The bouba-kiki effect: connections between the auditory and visual senses in the musical appreciation

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BackgroundAs an experience of multisensory nature, music has drawn considerable attention in the cross-modal correspondences’ field of study, which comprises the perceptual processes that activate and integrate two or more sensory modalities (Spence, 2011). The bouba-kiki effect, as currently known (Ramachandran & Hubbard, 2001, 2003), is among the first tests involving cross-modal correspondences (Köhler, 1929, 1947). It highlights a connection between the auditory/linguistic and visual senses involving the association of the words “kiki” and “bouba” to abstract images showing angular patterns and rounded patterns, respectively. In musical experience, the kiki image has been associated with high-pitched, strong sounds, rapid movements, strident timbres, excerps from Bizet, Chopin and Vivaldi, and the bouba image with soft sounds, slower movements, fuller timbres and excerpts from Brahms, Mozart and Bach (Adeli, Rouat & Molotchnikoff, 2014; Blazhenkova & Kumar, 2018; Murari et al.,2017).AimsThis study aims to extend previous studies on auditory and visual senses connections in the musical appreciation experience. Specifically, it intends: (i) to verify if the bouba-kiki effect can be replicated when associating the images to complex musical contemporary excerpts; (ii) to provide more empirical data to understand more deeply how cross-modal correspondences occur in the musical experience.MethodA total of 155 participants (M = 36.1 years) predominantly from 2 nationalities (Brazilian and Portuguese) and different musical backgrounds, completed an online questionnaire, which consisted of 18 association tasks. For that purpose, 18 contemporary musical excerpts were previously selected and used as sound stimuli. The visual stimuli comprised the images of kiki and bouba. Participants were asked to listen to each musical excerpt and choose which image that could be associated with (a rounded or an angular image).ResultsBased on the frequency of association between each excerpt and image, three levels were defined: strong (above 90%), medium (between 70% and 89%) and weak (below 70%). Results reveal that, regardless of gender, nationality, or musical experience, 6 musical excerpts were strongly associated with the rounded image (e.g., The swan/ Saint-Saëns) and 1 excerpt with the angular image (Music of changes/ Cage). Also, medium associations occurred in 6 musical excerpts to angular image and 1 excerpt to rounded image. Weaker associations were verified with 4 musical excerpts (e.g., Kangaroo/ Saint-Saëns). A relationship was found between some musical properties and the type of association made. For example, slower excerpts are predominantly associated with the rounded image, and louder excerpts are predominantly associated with the angular image. This finding suggests that cross-modal correspondences involving musical excerpts and images are guided by hierarchical principles of musical organization, where tempo and intensity are the main factors, followed by articulation, timbre, and harmony.ConclusionsThis study extends previous research by offering a more integrated view of the musical experience in the light of cross-modal correspondences. It was possible to identify musical excerpts that are associated with the same two types of intersensory modalities found in the classic studies on bouba-kiki effect. In other words, the melted visual and auditory perception that was found by Kohler (1929; 1947) can be extended to certain contemporary musical excerpts. These findings suggest that the auditory and visual senses seem to be connected in the musical experience in a non-arbitrary way. The association’s type found between musical excerpts and visual shapes might be considered as evidence of an intersensory Gestalt. Future replications of this study are encouraged to broaden the understanding of the cross-cultural nature of audiovisual correspondences and their interaction with other senses. This knowledge could lead to more holistic pedagogies in music education, as well as interesting reflections in the field of musical psychology and cognition.ReferencesAdeli, M. Rouat, J., & Molotchnikoff, S. (2014). Audiovisual correspondence between musical timbres and visual shapes. Frontiers in Human Neuroscience, 8, 1–12.Blazhenkova, O., & Kumar, M. M. (2018). Angular versus curved shapes: Correspondences and emotional processing. Perception, 47(1), 67–89. Köhler, W. (1929). Gestalt Psychology. Liveright, New York, NY, USA.Köhler, W. (1947). Psicologia da Gestalt. (Itatiaia, Ed.). Belo Horizonte: Editora Itatiaia.Murari, M., Schubert, E., Rodà, A., Da Pos, O., & De Poli, G. (2017). How >:( is Bizet? Icon ratings of music. Psychology of Music, 1, 1–12. Ramachandran, V. S., & Hubbard, E. H. (2001). Synaesthesia: window into perception, thought and language. Journal of Consciousness Studies,8(12), 3–34.Ramachandran, V. S., & Hubbard, E. M. (2003). Hearing colors, tasting shapes. Scientific American Mind, 16(3), 16–23. Spence, C. (2011). Crossmodal correspondences: A tutorial review. Attention, Perception, & Psychophysics, 73, 971–995.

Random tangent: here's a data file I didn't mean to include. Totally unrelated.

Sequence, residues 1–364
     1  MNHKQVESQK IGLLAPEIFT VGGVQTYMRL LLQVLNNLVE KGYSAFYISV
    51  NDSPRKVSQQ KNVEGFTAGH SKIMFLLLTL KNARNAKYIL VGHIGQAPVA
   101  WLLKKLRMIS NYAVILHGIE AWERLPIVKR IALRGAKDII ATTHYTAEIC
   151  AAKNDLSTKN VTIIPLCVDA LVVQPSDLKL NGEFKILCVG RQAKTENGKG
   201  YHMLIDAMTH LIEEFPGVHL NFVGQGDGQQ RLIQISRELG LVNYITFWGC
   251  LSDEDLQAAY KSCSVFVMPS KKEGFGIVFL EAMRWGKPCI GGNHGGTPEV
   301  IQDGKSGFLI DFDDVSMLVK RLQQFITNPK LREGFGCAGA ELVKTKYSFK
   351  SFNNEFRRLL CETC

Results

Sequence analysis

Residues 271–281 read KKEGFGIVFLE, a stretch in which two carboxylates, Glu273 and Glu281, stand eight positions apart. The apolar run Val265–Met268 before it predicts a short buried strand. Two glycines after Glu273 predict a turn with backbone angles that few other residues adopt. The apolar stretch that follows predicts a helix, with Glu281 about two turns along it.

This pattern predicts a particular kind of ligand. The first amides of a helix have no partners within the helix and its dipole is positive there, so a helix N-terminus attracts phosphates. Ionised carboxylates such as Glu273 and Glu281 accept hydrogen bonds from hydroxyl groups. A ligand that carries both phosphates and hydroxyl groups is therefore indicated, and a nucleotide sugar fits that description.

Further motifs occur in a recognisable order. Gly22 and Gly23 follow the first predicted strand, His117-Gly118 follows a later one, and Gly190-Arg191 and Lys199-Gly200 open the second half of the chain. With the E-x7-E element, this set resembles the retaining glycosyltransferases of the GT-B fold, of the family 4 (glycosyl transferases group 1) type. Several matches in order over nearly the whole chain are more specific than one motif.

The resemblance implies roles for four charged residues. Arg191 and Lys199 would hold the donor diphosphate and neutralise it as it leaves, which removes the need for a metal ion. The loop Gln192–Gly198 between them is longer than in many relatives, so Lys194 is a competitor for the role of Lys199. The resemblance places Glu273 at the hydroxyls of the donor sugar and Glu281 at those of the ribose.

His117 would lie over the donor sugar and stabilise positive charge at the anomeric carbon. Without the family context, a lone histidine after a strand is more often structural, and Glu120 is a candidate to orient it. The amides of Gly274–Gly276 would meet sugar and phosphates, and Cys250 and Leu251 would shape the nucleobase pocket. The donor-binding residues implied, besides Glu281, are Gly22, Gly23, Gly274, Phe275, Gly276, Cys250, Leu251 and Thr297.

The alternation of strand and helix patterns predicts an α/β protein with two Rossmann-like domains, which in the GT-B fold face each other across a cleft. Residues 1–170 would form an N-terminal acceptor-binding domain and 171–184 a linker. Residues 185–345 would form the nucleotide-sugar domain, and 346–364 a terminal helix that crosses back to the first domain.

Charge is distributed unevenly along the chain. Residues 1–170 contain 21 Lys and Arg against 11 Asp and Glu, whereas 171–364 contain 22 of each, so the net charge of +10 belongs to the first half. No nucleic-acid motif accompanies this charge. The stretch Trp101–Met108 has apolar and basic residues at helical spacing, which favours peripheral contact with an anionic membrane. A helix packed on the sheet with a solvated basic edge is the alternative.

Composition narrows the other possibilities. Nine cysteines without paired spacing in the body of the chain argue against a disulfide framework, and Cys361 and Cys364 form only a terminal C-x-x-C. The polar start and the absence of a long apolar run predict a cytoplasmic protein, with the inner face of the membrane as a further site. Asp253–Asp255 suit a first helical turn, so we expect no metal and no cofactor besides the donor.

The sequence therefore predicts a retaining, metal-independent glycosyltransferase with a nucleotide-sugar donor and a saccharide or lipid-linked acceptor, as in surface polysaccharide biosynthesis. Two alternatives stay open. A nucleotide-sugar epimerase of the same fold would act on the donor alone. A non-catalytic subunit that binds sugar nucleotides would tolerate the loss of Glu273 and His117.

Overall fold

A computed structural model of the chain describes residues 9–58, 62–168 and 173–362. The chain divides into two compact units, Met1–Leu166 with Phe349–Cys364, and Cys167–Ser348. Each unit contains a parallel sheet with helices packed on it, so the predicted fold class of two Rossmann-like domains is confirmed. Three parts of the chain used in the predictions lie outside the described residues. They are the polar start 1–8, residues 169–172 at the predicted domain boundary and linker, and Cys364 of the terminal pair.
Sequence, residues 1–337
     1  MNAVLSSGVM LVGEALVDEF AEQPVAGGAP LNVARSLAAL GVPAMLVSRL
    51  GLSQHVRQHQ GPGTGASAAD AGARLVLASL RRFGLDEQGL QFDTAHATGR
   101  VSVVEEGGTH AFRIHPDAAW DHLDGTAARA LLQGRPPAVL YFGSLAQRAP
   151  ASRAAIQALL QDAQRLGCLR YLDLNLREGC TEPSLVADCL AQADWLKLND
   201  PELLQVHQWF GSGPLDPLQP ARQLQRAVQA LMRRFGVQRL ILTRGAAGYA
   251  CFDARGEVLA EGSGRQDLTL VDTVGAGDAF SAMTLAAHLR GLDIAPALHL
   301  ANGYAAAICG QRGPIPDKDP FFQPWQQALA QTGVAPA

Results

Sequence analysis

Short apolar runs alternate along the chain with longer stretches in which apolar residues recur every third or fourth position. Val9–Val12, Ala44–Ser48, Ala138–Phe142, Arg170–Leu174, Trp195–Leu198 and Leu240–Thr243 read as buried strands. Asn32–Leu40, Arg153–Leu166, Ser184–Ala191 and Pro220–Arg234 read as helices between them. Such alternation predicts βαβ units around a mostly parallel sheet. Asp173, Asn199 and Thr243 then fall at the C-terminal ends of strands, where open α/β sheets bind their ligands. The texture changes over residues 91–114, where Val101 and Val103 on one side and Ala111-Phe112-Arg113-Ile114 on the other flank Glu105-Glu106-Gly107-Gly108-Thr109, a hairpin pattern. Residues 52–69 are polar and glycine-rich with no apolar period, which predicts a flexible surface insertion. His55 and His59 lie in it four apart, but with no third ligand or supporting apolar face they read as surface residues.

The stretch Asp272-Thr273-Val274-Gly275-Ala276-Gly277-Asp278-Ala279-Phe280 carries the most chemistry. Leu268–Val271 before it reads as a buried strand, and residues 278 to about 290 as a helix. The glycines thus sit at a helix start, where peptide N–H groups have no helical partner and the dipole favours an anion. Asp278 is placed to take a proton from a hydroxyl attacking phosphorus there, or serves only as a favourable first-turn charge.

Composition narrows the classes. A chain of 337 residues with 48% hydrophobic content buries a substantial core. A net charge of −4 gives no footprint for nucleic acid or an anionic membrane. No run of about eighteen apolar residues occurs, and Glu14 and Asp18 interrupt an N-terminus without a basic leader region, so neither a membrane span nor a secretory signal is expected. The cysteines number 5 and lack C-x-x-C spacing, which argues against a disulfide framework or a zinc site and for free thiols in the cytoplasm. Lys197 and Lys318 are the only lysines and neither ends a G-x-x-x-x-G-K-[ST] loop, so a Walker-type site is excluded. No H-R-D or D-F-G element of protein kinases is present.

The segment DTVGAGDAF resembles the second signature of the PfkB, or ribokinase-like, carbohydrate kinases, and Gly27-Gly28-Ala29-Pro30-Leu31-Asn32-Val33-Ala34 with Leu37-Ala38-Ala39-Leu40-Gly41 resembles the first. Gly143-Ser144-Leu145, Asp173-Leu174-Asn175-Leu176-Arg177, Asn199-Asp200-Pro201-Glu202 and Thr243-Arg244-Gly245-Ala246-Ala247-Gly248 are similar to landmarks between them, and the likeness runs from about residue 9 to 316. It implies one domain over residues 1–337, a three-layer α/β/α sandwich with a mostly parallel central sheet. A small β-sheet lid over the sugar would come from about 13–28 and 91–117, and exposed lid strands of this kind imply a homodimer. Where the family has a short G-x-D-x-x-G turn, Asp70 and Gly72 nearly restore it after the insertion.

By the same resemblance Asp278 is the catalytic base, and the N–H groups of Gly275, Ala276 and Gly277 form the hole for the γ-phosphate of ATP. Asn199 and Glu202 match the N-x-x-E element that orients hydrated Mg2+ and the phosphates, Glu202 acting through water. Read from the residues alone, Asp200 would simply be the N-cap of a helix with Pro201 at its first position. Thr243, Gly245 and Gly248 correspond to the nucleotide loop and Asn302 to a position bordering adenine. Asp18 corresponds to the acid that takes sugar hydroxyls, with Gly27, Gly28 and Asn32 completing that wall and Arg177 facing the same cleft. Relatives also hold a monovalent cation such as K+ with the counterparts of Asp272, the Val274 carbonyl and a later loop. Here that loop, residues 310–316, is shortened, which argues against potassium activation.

Original languageEnglish
Number of pages2
Publication statusPublished - Jul 2021
Event16th International Conference on Music Perception and Cognition: Connectivity and diversity in music cognition - Sheffield, United Kingdom
Duration: 28 Jul 202131 Oct 2021
Conference number: 16


Conference16th International Conference on Music Perception and Cognition
Abbreviated titleICMPC16-ESCOM11
Country/TerritoryUnited Kingdom
Internet address


  • Bouba-kiki effect
  • Multisensory
  • Cross-modal correspondences
  • Musical cognition
  • Musical appreciation


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